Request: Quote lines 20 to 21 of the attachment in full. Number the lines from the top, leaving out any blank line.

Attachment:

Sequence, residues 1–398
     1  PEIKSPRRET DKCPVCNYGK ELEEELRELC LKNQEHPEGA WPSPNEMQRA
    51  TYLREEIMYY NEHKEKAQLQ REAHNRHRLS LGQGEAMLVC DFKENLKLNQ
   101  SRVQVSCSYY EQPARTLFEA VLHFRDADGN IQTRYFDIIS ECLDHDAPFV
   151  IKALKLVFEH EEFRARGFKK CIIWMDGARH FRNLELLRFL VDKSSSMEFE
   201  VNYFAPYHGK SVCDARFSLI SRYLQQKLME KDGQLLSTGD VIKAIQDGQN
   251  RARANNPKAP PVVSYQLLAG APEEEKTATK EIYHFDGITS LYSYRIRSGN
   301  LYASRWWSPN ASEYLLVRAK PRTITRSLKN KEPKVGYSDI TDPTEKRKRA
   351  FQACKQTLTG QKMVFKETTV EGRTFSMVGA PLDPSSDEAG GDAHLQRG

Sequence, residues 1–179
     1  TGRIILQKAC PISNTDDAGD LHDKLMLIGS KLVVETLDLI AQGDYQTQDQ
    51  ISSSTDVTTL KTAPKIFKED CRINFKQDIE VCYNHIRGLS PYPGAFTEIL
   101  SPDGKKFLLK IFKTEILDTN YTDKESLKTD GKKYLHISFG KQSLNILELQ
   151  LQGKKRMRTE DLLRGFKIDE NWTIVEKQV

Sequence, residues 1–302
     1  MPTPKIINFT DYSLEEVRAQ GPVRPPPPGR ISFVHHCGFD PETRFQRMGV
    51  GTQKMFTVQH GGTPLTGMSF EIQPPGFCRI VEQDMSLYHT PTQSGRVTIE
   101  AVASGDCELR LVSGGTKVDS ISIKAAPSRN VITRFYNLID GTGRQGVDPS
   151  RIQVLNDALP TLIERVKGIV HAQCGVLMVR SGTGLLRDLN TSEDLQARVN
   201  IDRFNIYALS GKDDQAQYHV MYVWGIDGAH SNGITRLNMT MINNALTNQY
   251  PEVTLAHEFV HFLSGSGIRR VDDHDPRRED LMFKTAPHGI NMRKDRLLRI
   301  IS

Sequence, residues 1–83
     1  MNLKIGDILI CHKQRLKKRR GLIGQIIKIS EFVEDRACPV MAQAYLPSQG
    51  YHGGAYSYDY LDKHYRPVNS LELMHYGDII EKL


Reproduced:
   201  IDRFNIYALS GKDDQAQYHV MYVWGIDGAH SNGITRLNMT MINNALTNQY
   251  PEVTLAHEFV HFLSGSGIRR VDDHDPRRED LMFKTAPHGI NMRKDRLLRI